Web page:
- Waiting for Moonrise: Fasting, Storytelling, and Marriage in Provincial Rajasthan
Ethnographic encounters with women’s ritual storytelling in North India provide the central substance of this essay and contribute to the study of narrative transformations over time. I highlight two distinct although related themes. First, and most importantly, I consider women’s changing expectations of marriage, approaching these through intimate, conversational ethnographic accounts. Second, with an expanded scope stretching across regions as well as over decades, I observe variations as well as processes of standardization: how diverse tales associated with a specific ritual may ultimately be reduced to one standard plot. Such processes are hastened by all forms of media—print, film, and internet. My account here draws on long experience (intermittent visits and revisits between 1980 and 2015) in a single region of Rajasthan, North India. I focus on storytelling and other practices in the context of two women’s ritual fasts: Bari Tij (“Grand Third”) and Karva Chauth (“Pitcher Fourth”). The festival names refer to dates in the Hindu lunar calendar. In what follows I normally refer to Bari Tij simply as Tij.
I have worked on and off since 1979 in one region of Rajasthan—the Banas River Basin, spanning Ajmer and Bhilwara districts. Here both Tij and Karva Chauth involve explicitly difficult fasts undertaken by married women to protect the lives of their husbands. For both fasts in both places, participating women go without food or water the entire day and into the night until they are able to see the moon.1 Some women told me that the ritual required a woman not only to see the moon but also to look at her husband’s face before she can break her fast. Women are not merely waiting for something in the sky.
In 1980 as a novice anthropologist engaged in doctoral fieldwork on popular Hinduism while living in Ghatiyali (a large multi-caste village in Ajmer district, Rajasthan), I observed Tij for the first time. In 2010 as a senior anthropologist engaged in fieldwork on place and identity while living in the subdistrict headquarters of Jahazpur (a market town in Bhilwara district, Rajasthan), I had another opportunity to see women celebrate Tij.2 Two months afterwards the same group of neighbors participated in the apparently similar celebration of Karva Chauth. In Ghatiyali I had photographed the Tij ritual and recorded its accompanying story as told in Rajasthani which I eventually translated (Gold 2002:193–94). In Jahazpur at the request of my hosts, I photographed Tij worship but made no attempt to talk with participants about its meanings or to document the story. On the day of Karva Chauth, however, I recorded several conversations with small groups of women about the fast and its chartering narrative. At the actual worship I again played the role of respectful photographer but made no recordings.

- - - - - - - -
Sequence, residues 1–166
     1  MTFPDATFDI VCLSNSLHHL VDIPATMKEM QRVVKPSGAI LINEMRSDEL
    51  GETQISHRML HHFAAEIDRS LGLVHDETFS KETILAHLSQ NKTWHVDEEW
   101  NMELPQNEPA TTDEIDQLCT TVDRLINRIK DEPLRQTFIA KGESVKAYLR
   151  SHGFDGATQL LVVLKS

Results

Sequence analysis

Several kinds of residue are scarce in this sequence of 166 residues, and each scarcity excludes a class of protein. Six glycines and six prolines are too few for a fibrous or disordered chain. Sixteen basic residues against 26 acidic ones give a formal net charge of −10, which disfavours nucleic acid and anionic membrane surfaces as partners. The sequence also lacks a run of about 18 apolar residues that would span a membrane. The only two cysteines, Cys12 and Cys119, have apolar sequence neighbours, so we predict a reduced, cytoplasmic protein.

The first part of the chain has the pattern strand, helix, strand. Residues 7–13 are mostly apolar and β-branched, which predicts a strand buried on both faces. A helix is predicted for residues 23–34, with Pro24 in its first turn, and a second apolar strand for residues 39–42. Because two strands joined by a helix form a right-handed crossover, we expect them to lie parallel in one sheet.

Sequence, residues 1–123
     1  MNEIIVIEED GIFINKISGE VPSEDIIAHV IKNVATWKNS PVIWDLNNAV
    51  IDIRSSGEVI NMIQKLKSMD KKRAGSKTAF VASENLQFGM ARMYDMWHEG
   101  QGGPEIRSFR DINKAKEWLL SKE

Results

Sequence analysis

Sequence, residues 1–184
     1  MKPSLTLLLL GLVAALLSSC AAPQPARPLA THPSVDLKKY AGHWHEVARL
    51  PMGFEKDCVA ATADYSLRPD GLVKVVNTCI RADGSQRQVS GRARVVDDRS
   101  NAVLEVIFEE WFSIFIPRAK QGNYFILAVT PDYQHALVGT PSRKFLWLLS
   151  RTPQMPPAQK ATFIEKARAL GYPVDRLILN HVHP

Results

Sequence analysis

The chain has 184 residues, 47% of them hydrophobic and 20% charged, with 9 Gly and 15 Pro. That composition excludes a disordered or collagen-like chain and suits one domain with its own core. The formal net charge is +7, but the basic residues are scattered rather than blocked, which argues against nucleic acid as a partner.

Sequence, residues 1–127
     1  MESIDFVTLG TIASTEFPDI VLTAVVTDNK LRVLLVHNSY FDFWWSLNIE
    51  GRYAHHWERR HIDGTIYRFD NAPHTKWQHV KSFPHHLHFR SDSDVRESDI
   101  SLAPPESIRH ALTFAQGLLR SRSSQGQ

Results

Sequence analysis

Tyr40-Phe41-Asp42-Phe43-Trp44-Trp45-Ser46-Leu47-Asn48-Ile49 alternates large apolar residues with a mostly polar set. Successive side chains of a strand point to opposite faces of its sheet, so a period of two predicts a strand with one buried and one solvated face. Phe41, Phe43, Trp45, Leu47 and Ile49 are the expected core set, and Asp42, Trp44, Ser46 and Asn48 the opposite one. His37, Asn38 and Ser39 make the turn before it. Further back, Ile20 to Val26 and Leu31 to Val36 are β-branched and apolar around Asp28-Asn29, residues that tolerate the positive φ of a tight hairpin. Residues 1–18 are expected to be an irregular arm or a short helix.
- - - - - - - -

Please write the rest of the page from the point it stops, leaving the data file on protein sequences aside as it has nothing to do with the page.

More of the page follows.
This essay proceeds as follows: in the first and largest segment I introduce the festivals, noting the considerable documentation and analysis of both in anthropological and other literatures. Drawing on my own ethnography, I sequentially describe two rituals and their accompanying stories as I saw and learned about them. I begin with Tij in Ghatiyali, 1980, then turn to Karva Chauth in Jahazpur, 2010. The second section draws from selected secondary sources to scan the festivals and their significances within North Indian women’s religiosity. My attempt is neither to survey fully nor to chart all variations from place to place, but simply to expand horizons and alert readers to the limits of conclusions based on any individual’s ethnographic observations. Such observations will always swim in a vast sea of variation: lunar calendar dates, the direction of gift-giving, the castes that participate, and the worship tales’ plots. Fortunately some significant commonalities resonate across contexts. It is also possible through this survey to observe the workings of an inevitably reductive standardization.
Finally, speculatively and briefly, I reflect across my fieldwork experience of 30-plus years spending intermittent time with Rajasthani women in village and town, in order to hazard a few thoughts on the ways that social change, ritual change, and the changing fates of particular devotional narratives...